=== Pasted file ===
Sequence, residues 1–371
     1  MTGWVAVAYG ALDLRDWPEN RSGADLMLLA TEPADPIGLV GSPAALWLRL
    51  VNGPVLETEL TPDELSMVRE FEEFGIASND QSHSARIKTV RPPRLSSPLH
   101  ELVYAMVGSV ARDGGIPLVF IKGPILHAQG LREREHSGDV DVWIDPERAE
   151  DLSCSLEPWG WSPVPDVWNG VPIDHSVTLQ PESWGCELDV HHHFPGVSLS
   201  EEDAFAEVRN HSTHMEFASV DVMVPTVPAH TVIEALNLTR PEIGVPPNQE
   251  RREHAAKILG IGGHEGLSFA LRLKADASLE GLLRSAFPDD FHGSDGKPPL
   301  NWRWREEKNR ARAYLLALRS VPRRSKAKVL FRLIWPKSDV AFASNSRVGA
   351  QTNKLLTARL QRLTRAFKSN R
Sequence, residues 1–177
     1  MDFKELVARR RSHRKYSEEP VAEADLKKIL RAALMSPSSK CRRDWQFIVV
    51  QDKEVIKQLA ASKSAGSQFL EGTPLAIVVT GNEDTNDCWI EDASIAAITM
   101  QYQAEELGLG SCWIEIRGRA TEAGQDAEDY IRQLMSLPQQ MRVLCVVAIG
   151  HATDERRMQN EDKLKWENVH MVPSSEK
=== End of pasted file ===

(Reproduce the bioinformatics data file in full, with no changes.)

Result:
Sequence, residues 1–371
     1  MTGWVAVAYG ALDLRDWPEN RSGADLMLLA TEPADPIGLV GSPAALWLRL
    51  VNGPVLETEL TPDELSMVRE FEEFGIASND QSHSARIKTV RPPRLSSPLH
   101  ELVYAMVGSV ARDGGIPLVF IKGPILHAQG LREREHSGDV DVWIDPERAE
   151  DLSCSLEPWG WSPVPDVWNG VPIDHSVTLQ PESWGCELDV HHHFPGVSLS
   201  EEDAFAEVRN HSTHMEFASV DVMVPTVPAH TVIEALNLTR PEIGVPPNQE
   251  RREHAAKILG IGGHEGLSFA LRLKADASLE GLLRSAFPDD FHGSDGKPPL
   301  NWRWREEKNR ARAYLLALRS VPRRSKAKVL FRLIWPKSDV AFASNSRVGA
   351  QTNKLLTARL QRLTRAFKSN R
Sequence, residues 1–177
     1  MDFKELVARR RSHRKYSEEP VAEADLKKIL RAALMSPSSK CRRDWQFIVV
    51  QDKEVIKQLA ASKSAGSQFL EGTPLAIVVT GNEDTNDCWI EDASIAAITM
   101  QYQAEELGLG SCWIEIRGRA TEAGQDAEDY IRQLMSLPQQ MRVLCVVAIG
   151  HATDERRMQN EDKLKWENVH MVPSSEK